Attribution theory and Arab images of the Gulf war

Daniel Heradstveit, G. Matthew Bonham

Research output: Contribution to journalArticle

15 Scopus citations

Abstract

This article describes the results of an in-depth interview study of Arab elites in the wake of the Gulf war, research that only partially supports a crucial finding of research on actor-observer differences in social attribution. Although the aggregated explanations of these Arab respondents were consistent with the predictions of the theory, the attributions of Iraq's behavior by Egyptian elites, and attributions of the Coalition's behavior by Moroccan and Tunisian elites were not fully consistent with the hypothesis. These results were interpreted to suggest the importance of distinguishing, in applications of attribution theory, between complex political situations and simple social situations, the perspective of actors versus observers, and cultural differences in discursive practices.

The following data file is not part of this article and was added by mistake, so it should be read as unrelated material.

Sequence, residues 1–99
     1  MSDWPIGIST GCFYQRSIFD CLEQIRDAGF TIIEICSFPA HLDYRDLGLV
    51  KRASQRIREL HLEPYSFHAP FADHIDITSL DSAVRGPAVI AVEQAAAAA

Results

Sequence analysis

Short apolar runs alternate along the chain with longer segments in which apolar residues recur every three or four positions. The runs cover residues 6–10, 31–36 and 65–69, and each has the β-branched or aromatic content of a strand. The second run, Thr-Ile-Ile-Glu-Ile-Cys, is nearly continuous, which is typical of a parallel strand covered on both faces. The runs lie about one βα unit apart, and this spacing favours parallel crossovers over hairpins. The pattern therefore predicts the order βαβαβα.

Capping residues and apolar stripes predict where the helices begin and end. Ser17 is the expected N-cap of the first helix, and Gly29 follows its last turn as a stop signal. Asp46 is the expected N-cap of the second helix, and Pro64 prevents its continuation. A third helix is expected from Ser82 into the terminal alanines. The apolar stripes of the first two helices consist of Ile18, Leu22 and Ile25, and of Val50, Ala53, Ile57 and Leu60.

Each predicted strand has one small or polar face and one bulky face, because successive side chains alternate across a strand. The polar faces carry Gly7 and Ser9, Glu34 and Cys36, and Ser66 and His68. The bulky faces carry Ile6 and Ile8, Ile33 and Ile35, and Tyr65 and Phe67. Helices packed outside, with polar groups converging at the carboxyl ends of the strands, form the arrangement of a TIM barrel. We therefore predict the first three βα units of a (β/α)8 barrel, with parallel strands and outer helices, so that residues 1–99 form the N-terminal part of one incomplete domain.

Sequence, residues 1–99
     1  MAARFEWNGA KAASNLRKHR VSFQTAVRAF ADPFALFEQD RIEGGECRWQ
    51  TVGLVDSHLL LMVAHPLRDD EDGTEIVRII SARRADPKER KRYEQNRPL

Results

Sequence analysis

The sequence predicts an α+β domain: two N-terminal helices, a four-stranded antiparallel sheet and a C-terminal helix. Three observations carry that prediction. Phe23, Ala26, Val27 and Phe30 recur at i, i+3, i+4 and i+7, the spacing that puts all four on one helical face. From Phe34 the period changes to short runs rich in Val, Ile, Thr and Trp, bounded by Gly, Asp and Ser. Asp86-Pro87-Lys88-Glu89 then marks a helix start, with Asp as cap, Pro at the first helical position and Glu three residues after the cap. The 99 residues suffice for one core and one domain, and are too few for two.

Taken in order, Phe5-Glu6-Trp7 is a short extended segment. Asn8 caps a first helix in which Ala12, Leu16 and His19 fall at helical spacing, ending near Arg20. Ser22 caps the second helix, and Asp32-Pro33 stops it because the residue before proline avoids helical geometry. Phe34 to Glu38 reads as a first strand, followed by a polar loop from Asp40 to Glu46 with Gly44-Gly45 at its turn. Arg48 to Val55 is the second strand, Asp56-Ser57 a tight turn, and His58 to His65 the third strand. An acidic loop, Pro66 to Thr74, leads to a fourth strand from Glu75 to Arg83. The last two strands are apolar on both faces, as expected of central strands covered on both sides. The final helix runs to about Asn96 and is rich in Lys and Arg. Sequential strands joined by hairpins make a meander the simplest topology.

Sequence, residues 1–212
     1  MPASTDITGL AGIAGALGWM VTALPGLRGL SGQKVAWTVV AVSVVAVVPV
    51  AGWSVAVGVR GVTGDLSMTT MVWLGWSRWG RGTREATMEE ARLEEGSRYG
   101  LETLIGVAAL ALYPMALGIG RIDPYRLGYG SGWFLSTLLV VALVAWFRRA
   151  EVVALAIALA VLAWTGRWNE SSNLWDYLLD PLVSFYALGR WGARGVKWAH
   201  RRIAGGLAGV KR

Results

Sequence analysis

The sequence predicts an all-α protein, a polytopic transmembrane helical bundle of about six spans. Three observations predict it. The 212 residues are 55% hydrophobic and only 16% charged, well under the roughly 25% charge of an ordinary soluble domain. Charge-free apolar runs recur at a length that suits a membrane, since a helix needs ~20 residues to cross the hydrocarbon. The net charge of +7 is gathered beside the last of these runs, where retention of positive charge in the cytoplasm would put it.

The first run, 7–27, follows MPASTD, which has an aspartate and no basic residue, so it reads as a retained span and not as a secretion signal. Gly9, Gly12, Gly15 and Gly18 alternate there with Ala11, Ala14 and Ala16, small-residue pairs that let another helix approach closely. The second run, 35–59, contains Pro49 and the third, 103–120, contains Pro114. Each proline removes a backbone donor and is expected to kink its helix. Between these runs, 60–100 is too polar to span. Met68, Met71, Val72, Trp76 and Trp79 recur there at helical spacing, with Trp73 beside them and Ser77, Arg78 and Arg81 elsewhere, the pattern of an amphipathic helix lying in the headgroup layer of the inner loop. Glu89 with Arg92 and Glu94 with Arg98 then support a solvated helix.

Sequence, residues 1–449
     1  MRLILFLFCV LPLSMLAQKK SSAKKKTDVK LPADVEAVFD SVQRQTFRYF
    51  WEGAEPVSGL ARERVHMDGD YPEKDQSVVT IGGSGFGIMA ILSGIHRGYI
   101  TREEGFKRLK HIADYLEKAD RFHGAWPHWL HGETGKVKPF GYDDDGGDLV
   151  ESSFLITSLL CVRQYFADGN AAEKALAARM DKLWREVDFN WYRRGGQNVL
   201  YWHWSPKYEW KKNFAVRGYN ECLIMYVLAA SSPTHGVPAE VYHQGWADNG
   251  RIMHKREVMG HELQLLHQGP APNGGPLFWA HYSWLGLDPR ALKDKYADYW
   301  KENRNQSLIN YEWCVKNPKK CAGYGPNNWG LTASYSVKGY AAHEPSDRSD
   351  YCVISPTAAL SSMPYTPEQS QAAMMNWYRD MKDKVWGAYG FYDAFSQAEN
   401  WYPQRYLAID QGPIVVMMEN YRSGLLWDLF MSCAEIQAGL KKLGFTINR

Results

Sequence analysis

Original languageEnglish (US)
Pages (from-to)271-292
Number of pages22
JournalPolitical Psychology
Volume17
Issue number2
StatePublished - Jun 1996
Externally publishedYes

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Keywords

  • Arab elites
  • Attribution theory
  • Dispositional attributions
  • Fundamental attribution error
  • Gulf war
  • Perception
  • Saddam Hussein
  • Situational attributions

ASJC Scopus subject areas

  • Psychology(all)
  • Social Psychology
  • Sociology and Political Science

Cite this

Heradstveit, D., & Bonham, G. M. (1996). Attribution theory and Arab images of the Gulf war. Political Psychology, 17(2), 271-292.